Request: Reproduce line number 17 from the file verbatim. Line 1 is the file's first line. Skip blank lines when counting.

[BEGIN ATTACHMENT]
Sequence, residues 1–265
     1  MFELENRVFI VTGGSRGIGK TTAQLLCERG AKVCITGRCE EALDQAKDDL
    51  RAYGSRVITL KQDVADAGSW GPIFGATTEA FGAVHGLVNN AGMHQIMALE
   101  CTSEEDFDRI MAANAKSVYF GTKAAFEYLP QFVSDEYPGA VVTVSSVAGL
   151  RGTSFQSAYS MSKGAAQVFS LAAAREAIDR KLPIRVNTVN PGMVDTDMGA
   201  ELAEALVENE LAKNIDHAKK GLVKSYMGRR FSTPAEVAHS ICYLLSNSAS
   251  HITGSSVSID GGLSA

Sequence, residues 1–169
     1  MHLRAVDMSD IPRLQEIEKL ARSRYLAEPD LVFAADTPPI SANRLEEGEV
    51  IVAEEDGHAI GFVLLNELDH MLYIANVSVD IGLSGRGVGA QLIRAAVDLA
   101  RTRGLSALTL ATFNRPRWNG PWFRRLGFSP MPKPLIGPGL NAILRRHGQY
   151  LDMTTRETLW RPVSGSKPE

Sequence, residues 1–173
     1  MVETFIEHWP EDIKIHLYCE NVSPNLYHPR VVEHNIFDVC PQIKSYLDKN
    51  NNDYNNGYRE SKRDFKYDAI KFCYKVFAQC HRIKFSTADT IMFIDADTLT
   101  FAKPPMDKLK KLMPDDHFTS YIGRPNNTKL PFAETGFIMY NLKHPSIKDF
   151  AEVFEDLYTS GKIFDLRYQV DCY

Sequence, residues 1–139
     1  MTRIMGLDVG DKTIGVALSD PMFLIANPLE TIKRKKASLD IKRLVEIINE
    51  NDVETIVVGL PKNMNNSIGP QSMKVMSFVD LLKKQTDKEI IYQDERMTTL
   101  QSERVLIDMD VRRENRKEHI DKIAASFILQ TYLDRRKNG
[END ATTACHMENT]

   151  AEVFEDLYTS GKIFDLRYQV DCY